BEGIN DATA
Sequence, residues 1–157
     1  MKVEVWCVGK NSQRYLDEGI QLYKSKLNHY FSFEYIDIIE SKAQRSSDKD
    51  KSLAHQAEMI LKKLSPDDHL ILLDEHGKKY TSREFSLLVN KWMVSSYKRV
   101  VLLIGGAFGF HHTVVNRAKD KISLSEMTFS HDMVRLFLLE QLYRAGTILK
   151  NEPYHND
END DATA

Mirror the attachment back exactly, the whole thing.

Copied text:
Sequence, residues 1–157
     1  MKVEVWCVGK NSQRYLDEGI QLYKSKLNHY FSFEYIDIIE SKAQRSSDKD
    51  KSLAHQAEMI LKKLSPDDHL ILLDEHGKKY TSREFSLLVN KWMVSSYKRV
   101  VLLIGGAFGF HHTVVNRAKD KISLSEMTFS HDMVRLFLLE QLYRAGTILK
   151  NEPYHND